October 8, 2002 Features

SLPs and Dysphagia: Stand Up and Be Counted!

In its 2002 strategic plan, the Steering Committee of Special Interest Division 13, Swallowing and Swallowing Disorders ranked as its top priority the need to address the issue of speech-language pathologists training individuals outside the profession to provide dysphagia services. This action was in response to a growing number of Division 13 affiliates who reported being instructed by managers or administrators to train professionals from other disciplines who had not previously provided dysphagia services.

A letter to the editor in the Aug. 6 issue of The ASHA Leader addressed this topic. In the letter, Mary Jane Youngstrom, chair of the American Occupational Therapy Association's Commission on Practice, asked that our profession respect the right of occupational therapists to provide dysphagia services.

ASHA's efforts and those of Division 13, however, continue to affirm that SLPs are the preferred providers of dysphagia services by virtue of the vast body of research literature that has been contributed by SLPs and by the overwhelming majority of professional education provided by SLPs in the area of dysphagia.

The following article by Caryn Easterling and Stephanie Daniels, members of Division 13's Steering Committee, supports this position by providing tips for members to connect with consumers and other professions in marketing their services. It's just part of good practice!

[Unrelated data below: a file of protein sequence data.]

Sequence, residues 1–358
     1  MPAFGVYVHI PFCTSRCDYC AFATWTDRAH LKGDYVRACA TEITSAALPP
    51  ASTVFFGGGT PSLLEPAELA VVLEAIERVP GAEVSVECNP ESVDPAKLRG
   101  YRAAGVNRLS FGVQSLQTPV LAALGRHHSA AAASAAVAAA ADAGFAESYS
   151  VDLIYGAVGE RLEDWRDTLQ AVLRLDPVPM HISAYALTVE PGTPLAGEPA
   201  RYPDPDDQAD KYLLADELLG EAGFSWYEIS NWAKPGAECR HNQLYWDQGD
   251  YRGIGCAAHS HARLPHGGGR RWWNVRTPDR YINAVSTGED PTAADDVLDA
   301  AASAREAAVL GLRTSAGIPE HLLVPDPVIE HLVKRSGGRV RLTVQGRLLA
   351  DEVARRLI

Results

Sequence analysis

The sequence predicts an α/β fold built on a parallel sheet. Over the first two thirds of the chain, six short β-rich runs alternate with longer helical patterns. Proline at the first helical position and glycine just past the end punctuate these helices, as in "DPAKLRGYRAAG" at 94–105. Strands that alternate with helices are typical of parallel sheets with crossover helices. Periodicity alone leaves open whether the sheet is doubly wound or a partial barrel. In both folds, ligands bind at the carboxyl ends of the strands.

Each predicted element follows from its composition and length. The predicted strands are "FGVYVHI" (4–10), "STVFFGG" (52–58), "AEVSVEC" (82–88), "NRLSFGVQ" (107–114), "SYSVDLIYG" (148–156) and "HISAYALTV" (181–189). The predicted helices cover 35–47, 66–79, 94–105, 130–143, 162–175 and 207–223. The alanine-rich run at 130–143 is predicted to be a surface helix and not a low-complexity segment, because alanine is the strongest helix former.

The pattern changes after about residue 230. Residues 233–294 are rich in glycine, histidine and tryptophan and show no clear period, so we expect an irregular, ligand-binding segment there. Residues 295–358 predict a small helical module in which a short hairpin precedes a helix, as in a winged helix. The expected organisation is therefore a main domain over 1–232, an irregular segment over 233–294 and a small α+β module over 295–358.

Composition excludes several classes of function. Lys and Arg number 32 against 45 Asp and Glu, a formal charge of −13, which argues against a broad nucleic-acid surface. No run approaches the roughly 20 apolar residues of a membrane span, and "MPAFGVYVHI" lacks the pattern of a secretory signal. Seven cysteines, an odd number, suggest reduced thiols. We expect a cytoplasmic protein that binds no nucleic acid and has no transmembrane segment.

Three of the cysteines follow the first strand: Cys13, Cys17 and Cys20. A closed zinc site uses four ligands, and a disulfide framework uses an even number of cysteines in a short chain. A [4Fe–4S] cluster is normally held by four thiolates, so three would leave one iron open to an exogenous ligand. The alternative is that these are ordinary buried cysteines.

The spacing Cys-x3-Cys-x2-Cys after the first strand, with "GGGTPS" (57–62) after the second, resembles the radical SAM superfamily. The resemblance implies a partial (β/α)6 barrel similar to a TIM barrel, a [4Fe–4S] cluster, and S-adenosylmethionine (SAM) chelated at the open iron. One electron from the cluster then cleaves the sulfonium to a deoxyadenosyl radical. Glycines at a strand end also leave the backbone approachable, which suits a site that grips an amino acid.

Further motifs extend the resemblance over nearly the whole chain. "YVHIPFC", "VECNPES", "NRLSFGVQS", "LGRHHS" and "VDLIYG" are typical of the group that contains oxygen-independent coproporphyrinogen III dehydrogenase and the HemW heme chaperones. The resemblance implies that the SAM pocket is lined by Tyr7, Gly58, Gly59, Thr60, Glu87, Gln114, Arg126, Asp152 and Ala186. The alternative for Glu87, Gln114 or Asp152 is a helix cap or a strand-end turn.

Paula Sullivan, is the coordinator of Special Interest Division 13, Swallowing and Swallowing Disorders.

cite as: Sullivan, P. (2002, October 08). SLPs and Dysphagia: Stand Up and Be Counted!. The ASHA Leader.

Marketing Your Dysphagia Services

by Caryn S. Easterling and Stephanie K. Daniels  

Consumers today have more available knowledge and are more sophisticated regarding medical and rehabilitative services. Many professionals find it necessary to market their services in order to keep consumers informed and to perpetuate referrals. Speech-language pathologists are the preferred professional referral for patients with dysphagia. If, however, you are not receiving referrals you can market your professional training, experience, and skills to develop your referral base or substantially increase it.

Marketing may appear to be a daunting task. As professionals, we may have less time available at a specific job site and less time to discuss patient services with colleagues and family. Other perceived obstacles include a lack of training in proactive marketing strategies and, most important, inadequate communication regarding our successful outcomes to other team members and to the consumers of our professional service.

Because dysphagia practice has become such a large portion of SLPs’ caseload in every practice setting, other professionals have taken an active interest in this "market share." We can no longer just be visible in our work site to receive the referrals. We must project our training and expertise in the results of each case we evaluate and treat, and be active on the team that decides the patient’s care plan. The times have changed and we must use marketing techniques to promote our expertise in dysphagia.

ASHA has specific tools to help you market your dysphagia practice. Two of the available brochures—"Feeding and Swallowing Problems in Children" (ASHA, 2000) and "Swallowing Problems in Adults" (ASHA, 2000)—are ideal for the average consumer. Each brochure describes the phases of swallowing, etiology, signs and symptoms, consequences, and the role of SLPs in dysphagia evaluation and treatment. (All resources in this article can be obtained by calling the Action Center toll-free at 800-498-2071. In addition, a comprehensive list of ASHA’s health care resources will be published in the next issue of The ASHA Leader and will be available in The ASHA Leader Online .)